How I spent my Autumnal Equinox

11:37am feels like its a respectable enough time on a Saturday morning to ask me to wake up, and I feel obliged to comply. The haze of teetering on whether or not I should brush my teeth or walk to get a coffee clogs the major decision making capabilities of my head as my legs do what they can to get me down the stairs without falling. I find myself reading an article on how cats will use robots in the future to make humans obsolete. “Modern science has very nearly rendered human beings unnecessary when it comes to the life of a cat,” the author muses. “We are simply a large and complex external cat organ, one given the duty of making itself obsolete.”

My phone rings, a technological miracle given how many other functions the mobile device has and given its current record of ringing only about 1 in 3 times, and it’s one of my offspring’s many sets of grandparents. They’re at the front door and expecting the boy and his brother, high school football games call them all from distant, Southern hills. Seeing as how I had spent the morning, to this point, only thinking about hygiene and caffeine and actually doing nothing of any real value, I sprung to action, desperate to get two kids ready for the day in the time it takes a young grandmother to get from her car to my front door. 45 seconds later I have the youngest of the two dressed and hoping the other will show some initiative. A tensity subsists between my desire to be a good parent, a mindful person, and the closer reality of my factual instincts to sloth off until I’ve become a singular entity with my recliner. My thoughts get overweight with the immediacy of the moment and, after some light conversation and cigarettes, the boys and their grandparents are off.

Within the next 38 minutes the lady and I are showered, dressed and in a rented Toyota Prius, heading off to the South Side, sparking green and desperate for a zombie movie. When we leave, we’re 15 minutes driving time away from a movie that starts in 25, but by the time we arrive in a parking lot two blocks away from the movie house, we’re 2 minutes late. I procrastinate, wondering if it would be better to just go and see another movie. The board reads off like a Sunday lineup on TBS, and I struggle to light a cigarette in the wind. It gets smoked half way down when she says “Let’s just watch the zombie movie.” The statement makes so much sense that we somehow manage to buy tickets and get into the theatre in time to catch two previews.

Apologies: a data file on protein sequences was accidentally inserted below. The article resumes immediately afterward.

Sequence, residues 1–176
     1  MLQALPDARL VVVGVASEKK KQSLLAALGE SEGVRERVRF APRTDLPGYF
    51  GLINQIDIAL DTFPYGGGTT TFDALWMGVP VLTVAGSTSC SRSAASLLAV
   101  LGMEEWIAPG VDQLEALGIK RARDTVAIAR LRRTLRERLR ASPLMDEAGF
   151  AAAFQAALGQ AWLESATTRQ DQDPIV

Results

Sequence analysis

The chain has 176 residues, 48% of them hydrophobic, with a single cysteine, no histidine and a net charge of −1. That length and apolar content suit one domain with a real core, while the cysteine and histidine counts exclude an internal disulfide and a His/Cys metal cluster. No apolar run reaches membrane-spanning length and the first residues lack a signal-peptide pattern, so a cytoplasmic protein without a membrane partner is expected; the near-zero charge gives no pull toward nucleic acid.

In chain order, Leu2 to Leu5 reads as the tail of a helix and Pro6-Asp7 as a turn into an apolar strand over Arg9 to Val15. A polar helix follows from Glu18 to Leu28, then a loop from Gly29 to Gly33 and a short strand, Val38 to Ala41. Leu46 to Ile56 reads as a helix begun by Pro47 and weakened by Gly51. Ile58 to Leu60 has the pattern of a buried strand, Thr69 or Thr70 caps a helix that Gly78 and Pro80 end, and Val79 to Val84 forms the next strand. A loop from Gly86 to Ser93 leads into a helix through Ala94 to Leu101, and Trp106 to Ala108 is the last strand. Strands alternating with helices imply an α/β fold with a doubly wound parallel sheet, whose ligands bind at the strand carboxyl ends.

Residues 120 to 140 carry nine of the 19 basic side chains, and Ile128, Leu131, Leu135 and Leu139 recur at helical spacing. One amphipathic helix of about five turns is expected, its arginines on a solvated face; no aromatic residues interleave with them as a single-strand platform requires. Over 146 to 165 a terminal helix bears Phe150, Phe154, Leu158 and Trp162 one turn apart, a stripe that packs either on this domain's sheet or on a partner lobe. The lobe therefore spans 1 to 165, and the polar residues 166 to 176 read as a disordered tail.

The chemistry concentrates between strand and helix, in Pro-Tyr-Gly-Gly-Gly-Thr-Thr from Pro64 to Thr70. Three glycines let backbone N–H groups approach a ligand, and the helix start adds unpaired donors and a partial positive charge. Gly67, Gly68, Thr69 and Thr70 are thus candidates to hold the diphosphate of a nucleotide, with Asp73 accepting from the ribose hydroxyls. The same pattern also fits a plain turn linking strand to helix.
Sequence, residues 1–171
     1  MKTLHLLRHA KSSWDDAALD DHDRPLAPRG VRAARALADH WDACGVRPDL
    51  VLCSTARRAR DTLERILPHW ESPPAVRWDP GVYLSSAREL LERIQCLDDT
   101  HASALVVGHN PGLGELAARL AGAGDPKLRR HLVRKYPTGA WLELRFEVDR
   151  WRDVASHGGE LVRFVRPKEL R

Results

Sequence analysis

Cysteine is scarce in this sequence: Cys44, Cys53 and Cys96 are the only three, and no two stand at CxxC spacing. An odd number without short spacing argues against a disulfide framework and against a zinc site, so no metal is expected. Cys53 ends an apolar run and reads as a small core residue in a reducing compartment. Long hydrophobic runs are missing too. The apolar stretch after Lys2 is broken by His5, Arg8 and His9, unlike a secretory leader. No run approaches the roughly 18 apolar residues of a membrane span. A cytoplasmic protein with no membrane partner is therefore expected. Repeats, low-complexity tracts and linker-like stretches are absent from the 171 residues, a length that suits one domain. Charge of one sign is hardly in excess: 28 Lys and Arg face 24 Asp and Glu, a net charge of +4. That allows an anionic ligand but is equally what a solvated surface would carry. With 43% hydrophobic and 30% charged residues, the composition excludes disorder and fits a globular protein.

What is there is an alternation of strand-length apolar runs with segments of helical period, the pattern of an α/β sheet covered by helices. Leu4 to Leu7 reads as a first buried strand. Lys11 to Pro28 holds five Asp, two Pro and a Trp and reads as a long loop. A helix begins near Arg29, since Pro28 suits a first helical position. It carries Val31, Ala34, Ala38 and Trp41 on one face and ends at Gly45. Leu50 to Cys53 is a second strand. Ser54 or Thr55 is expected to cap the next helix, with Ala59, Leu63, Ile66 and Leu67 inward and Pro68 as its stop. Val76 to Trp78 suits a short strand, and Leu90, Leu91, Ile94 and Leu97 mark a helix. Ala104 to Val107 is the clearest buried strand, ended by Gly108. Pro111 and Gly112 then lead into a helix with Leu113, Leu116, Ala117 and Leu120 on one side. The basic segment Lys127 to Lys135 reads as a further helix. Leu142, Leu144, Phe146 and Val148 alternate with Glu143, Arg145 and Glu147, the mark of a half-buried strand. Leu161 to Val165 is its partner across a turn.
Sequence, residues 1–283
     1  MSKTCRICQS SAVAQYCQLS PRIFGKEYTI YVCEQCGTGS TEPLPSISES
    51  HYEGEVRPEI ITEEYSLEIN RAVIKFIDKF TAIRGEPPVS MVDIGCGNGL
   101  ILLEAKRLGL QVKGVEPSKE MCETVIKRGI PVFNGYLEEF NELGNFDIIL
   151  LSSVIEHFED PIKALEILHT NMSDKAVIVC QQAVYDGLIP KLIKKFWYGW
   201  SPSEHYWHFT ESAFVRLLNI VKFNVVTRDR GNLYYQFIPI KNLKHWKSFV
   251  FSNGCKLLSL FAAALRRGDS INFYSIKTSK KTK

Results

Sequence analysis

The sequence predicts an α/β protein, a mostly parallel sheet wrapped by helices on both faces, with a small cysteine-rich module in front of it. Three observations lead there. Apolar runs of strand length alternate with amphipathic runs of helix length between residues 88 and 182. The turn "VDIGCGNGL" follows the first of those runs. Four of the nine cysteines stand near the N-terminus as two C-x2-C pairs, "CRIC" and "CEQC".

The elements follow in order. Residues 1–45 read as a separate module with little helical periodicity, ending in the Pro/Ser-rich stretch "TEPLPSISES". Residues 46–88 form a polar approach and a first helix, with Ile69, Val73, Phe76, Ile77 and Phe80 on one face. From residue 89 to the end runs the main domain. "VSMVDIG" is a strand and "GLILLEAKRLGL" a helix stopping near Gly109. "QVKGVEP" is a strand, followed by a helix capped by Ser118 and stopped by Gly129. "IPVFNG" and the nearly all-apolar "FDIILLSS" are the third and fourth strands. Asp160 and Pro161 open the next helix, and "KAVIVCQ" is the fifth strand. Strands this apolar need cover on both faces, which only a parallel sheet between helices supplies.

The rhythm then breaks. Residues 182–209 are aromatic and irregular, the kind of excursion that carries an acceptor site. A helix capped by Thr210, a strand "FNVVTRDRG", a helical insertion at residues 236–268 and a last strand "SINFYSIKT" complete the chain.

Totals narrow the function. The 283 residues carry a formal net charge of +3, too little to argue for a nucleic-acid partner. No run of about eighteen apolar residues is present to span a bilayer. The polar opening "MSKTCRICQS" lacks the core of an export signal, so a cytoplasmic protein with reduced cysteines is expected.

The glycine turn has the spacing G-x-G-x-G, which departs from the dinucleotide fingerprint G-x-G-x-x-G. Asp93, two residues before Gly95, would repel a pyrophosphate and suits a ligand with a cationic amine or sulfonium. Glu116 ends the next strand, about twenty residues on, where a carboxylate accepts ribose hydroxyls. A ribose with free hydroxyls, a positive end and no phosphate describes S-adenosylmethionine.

Afterwards we rendezvous with the next generation again, and the boys, the lady, and myself find ourselves elbows in on $70 worth of sushi. It is, after all, Saturday and I’m in love with raw fish, ever since she took me to this place in Brighton where conveyor belts promenade thin strips of salmon, tuna, snapper, octopus, and whatever other neon rainbow underwater meats look or taste good sunbathing on a wad of rice. The youngest had a quick love affair with sushi earlier this year, when he experimented with wasabi, squid tentacles and seaweed salad, but he quickly exhausted it and was now picking at two pieces of shrimp as though he’d rather die on a deserted island than ever face the taste again. His brother, however, was a stranger to the world of raw fish and rice, and the allure was just too great for him. He and the lady smiled and made jokes as I tried to photograph the experience for longevity. But pictures rarely last longer than a year, and by then the experience is too faded to remember anything except “Great composition, and I love the colors.” It’s all Photoshop though.

A late afternoon lay turns into an early evening nap and when I awake the three of them have made a fire and are cooking swordfish over it like roadtrippers from the 50’s. As I stumble out of my second groggy headed hypnosis in one day, the boys both start to find sleep more and more appealing. I think I scare the older one. I can come off as extremely grumpy. Or simple, maybe?

I finish the night reading Wikipedia entries on Legend of Zelda characters and wondering, if I had to choose 20 people to go to a desert island and repopulate a post-apocalyptic world, who would they be and why?

Up Next: Harmony Drive